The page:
Using Primary Sources in the Classroom:
The Great Depression Unit
Lesson 3: A Helping Hand
|1. Background information for teachers:
Governor Benjamin M. Miller was elected in 1930 pledging to restore economy in state government. Renowned for his personal frugality and conservatism (he had only two cars in his inaugural "parade"), his belief in the limited role of government in the lives of its citizens was tested by the hard economic circumstances of the Great Depression. Most Alabamians at the outset of his term in 1931 doubtlessly shared his views. But by that time community and business leaders were becoming increasingly aware that the economic problems were not going to go away without some form of government leadership. As the winter of 1931-32 approached, concern was mounting over the continuing availability of food in the season when home gardens would not be producing. Spokesmen for rural, small-town Alabama were among those who sought to convince state government to take action to slow the continuing economic slide.
2. Learning Objectives:
Upon completion of this lesson, students should be able to:
1. Compare and contrast living standards of the Great Depression era with those of today.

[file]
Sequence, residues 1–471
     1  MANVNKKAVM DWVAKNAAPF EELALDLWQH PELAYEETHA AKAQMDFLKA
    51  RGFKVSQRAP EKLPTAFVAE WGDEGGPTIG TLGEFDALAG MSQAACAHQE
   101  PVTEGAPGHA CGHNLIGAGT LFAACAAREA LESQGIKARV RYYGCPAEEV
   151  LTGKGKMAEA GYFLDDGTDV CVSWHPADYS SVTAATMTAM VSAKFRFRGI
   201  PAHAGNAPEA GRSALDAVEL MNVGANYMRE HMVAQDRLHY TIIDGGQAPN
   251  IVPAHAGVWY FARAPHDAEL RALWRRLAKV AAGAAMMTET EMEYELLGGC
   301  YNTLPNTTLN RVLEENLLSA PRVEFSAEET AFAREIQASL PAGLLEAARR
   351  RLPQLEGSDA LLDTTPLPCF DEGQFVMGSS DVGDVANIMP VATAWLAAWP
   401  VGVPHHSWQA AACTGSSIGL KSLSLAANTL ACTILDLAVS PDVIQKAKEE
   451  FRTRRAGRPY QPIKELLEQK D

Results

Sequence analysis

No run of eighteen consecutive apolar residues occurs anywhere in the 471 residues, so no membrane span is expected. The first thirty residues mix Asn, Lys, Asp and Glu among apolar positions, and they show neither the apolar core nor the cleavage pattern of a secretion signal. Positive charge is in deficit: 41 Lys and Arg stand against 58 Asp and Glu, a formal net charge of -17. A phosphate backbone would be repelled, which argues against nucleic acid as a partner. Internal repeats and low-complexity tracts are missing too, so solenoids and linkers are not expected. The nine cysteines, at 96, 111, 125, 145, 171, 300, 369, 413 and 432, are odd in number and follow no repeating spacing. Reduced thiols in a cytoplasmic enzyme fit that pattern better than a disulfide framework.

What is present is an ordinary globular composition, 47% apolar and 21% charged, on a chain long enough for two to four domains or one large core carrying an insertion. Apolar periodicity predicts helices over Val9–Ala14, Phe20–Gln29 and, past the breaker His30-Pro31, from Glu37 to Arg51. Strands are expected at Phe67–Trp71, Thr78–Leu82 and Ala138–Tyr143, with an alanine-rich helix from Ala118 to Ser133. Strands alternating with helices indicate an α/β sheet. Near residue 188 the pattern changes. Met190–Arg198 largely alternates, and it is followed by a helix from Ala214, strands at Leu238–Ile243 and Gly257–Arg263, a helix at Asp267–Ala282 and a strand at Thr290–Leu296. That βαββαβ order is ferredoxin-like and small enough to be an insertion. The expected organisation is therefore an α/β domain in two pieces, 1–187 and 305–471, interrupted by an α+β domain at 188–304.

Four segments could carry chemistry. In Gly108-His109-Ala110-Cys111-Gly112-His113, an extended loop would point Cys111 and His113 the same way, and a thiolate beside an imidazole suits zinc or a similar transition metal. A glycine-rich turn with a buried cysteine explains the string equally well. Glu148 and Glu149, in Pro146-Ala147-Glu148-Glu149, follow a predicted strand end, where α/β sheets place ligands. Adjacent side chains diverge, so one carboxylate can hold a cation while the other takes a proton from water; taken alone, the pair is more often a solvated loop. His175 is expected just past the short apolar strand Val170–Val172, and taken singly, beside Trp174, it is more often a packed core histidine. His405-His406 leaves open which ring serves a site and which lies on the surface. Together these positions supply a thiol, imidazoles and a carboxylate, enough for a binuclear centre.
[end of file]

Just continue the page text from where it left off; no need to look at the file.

2. Define the role of a civic organization in a community.
3. Discuss the importance of seasonal work upon the economic status of a community.
3. Suggested Lesson:
1. Make copies of the Elba Lions Club telegram.
2. Provide the students with a copy of the telegram.
3. Ask students the following questions:
a. What is a civic group? What kinds of services do these groups perform for cities?
b. What kinds of occupations do you think the men of the Elba Lions Club had?
c. Why do you believe these men were concerned about the unemployed particularly in the winter months? How would winter unemployment affect the economic balance of the towns and cities of Alabama? What are some of the possibilities for employment in other times of the year?
Document 1: Western Union Telegram: Elba Lions Club, Governor B.M. Miller, Administrative files, SG19952, folder 20, Alabama Department of Archives and History, Montgomery, Alabama.